John Danner:

Yeah. I mean, I would say my job now is to help founders find product market fit. We work pretty hard at that. Looking back on that gravity in that era, I don’t think the timing could have been more perfect. I think there are plenty of founders who walk into the right place at the right time, but there are also pretty good number of founders that work really hard to find product market fit, and my hats are always off to them because it’s hard work if you don’t happen to have perfect timing.

Aaron Dinin:

This seems like a good moment to pause and underscore the important point John is making about timing in relation to product market fit. Great timing is a force multiplier in entrepreneurship, so even though john is being humble about his skills as an executive, having a keen eye for timing is itself an immensely important skill. Simply put, when you have great timing, it can cover up a lot of mistakes. For his part, John seem to have a keen ability to be able to recognize what mattered before everyone else, and it actually wound up saving the company as the fledgling ad industry evolved.

You see, NetGravity was originally operating using an old client server software model, and it was a model that was about to get swallowed up by SaaS, but not everyone saw it coming.

John Danner:

We were literally the end of client server software, so we would download our software to their servers on their website, and they’d run it themselves. All of the problems around installation and getting it working like that era had, we had that problem. We also had a business model where we’d sell something once, and then we’d sell annual maintenance contracts that was totally bogus stuff. When the software as a service folks came along, and they said, “Well, we’ll just charge you three cents per 1,000 users,” or whatever they were doing. I can’t remember what the model was, but it was a recurring model that grew bigger and bigger as the traffic of their customers grow. It’s like, that’s a business.

Unfortunately, at least initially, I was the only one that felt that way. My board did not feel that way. They were all software people, so they kept saying, “No. No. No, John. The software is great. This other business, that’s crazy. You gotta have your own servers, and that’s going to cost a lot of money, and it’s terrible. Don’t do it. Don’t do it.” I literally spent two years from the time I saw DoubleClick, and there was another company focal length that was doing the software as a service.

Aaron Dinin:

Quick note here that we actually got to hear from DoubleClick CEO and founder Kevin O’Connor in Web Masters episode number 28. Spoiler alert, we’re about to hear a good bit more about DoubleClick and its relation to NetGravity, so maybe make sure you have that other episode queued up if you haven’t listened to it already.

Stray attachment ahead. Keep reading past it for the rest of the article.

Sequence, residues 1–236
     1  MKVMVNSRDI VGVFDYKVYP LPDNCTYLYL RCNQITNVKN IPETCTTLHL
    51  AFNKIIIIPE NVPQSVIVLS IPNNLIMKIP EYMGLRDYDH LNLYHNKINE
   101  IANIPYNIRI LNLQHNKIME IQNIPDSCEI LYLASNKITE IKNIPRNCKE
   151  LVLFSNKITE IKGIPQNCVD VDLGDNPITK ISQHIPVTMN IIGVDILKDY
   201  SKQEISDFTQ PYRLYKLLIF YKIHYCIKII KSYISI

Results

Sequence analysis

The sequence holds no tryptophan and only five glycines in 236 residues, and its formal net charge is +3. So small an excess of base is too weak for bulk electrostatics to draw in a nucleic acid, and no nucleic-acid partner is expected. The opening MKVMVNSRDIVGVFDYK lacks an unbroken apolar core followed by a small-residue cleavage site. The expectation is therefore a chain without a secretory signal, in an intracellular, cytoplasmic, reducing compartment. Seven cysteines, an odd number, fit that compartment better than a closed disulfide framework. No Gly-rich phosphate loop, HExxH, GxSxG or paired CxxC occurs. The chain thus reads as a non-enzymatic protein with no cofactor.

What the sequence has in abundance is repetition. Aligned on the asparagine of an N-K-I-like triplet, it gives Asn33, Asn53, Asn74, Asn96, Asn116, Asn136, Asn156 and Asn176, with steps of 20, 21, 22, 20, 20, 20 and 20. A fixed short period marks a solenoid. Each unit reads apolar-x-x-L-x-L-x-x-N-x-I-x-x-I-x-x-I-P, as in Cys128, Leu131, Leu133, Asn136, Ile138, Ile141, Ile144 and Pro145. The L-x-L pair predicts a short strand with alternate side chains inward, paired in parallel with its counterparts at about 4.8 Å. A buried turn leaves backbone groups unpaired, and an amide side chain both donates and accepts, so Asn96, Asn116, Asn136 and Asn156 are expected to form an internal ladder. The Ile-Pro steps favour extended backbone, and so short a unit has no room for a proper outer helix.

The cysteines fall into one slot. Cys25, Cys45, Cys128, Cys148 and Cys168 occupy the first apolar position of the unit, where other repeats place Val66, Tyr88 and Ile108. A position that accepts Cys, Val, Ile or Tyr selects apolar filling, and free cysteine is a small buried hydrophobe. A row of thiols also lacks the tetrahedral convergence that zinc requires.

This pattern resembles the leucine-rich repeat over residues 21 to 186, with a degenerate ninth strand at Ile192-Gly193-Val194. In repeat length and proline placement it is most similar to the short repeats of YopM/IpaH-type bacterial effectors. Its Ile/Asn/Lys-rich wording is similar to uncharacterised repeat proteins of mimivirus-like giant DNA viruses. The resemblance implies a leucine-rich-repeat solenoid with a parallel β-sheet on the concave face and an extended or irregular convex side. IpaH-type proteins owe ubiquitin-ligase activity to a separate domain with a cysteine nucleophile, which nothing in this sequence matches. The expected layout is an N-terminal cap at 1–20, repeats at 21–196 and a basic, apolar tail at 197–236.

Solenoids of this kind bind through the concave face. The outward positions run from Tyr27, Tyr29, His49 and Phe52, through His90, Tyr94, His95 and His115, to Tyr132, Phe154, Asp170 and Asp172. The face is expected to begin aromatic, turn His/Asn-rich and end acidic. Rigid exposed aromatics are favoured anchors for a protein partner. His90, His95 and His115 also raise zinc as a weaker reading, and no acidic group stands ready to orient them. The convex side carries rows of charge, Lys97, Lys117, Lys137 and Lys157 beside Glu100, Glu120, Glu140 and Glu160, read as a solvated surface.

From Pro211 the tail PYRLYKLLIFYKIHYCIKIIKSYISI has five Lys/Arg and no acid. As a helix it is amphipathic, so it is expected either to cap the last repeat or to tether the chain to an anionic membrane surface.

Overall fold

John Danner:

I spent two years basically trying to convince my board that software as a service was going to be a thing and a way better thing. They just wouldn’t let me do it. Literally tried to buy a company, all kinds of things, they wouldn’t let me do it.

Aaron Dinin:

What did you do? Did you ever convince them?

John Danner:

About mid 1997, I just took a team from the company, six, eight people, and said, “All right, we’re just going to build a SaaS version of our stuff, and we’re not going to tell the board, so don’t tell anyone.” For about six months, they worked on it. We went out. We got a bunch of customers, primarily, ad agencies and client side as opposed to publisher side just so we didn’t have any conflict. They started to use it, and the NPS, the net promoter score, for the people on SaaS was like, “So much higher.”

I mean, it was just like, “Yeah, I can use it. It’s easy. No problem. Let’s…” It was growing so much faster, because it was based on the volume of business they were doing as opposed to a one sale after another, and so when it got to be like, I don’t know, a million in revenue or something like that, we were only a six-million in revenue company at that point. I went to the board, and I said, “By the way, we just built this,” and now it’s at a million in revenue, and it’s profitable, and it’s growing 10 times faster than our other business. The board said, “That’s great.”

Literally, that was their response. Thank you. I guess that was a good lesson for a first time founder. Don’t ask permission from your board. Just do what the right thing is.

Aaron Dinin:

Is that a good lesson? Aren’t you a VC now? That’s not something I ever thought I’d hear a VC say.

John Danner:

Anyway, we built that, and almost immediately, we realized that that was going to be a better business for us, and that we were going to have all kinds of channel conflicts and things like that. We spent the next year trying to figure out like, “Who do we sell the software to? Who do we sell SaaS to?” We tried to keep it divided, but it was difficult to divide those two things. DoubleClick, I’d give a huge amount of credit to because not only were they SaaS, but they did what a lot of more modern companies have done, which is to vertically integrate.

Instead of being a software company, they said, “Well, no, we’ll actually sell your advertising for you.” You can imagine if somebody shows up and says, “Okay, why don’t you use our stuff? By the way, you can just use the ad server stuff for free. That’s fine, but we want to sell your advertising as well.” You’re showing up at a customer, and saying, “We’re going to give you money basically. We’d like to give you money,” versus us who we’re like, “We want to charge you money, so you can do your own advertising.”

The way the market fell out was the top guys, probably the top couple hundred websites were like, “No, we don’t want you to sell our ad inventory. We want to sell that ourselves,” and so they would go with NetGravity, and everybody else would end up going with DoubleClick eventually, because even if they bought software and wanted to do it themselves, initially, over time, they’re like, “okay, we suck at this. Somebody should do this for us, et cetera.” That’s how the market settled out over time is either you were going to do it yourself, and you’d use us, or you were going to rely on somebody else to sell it, and DoubleClick ended up eating a lot of that market up.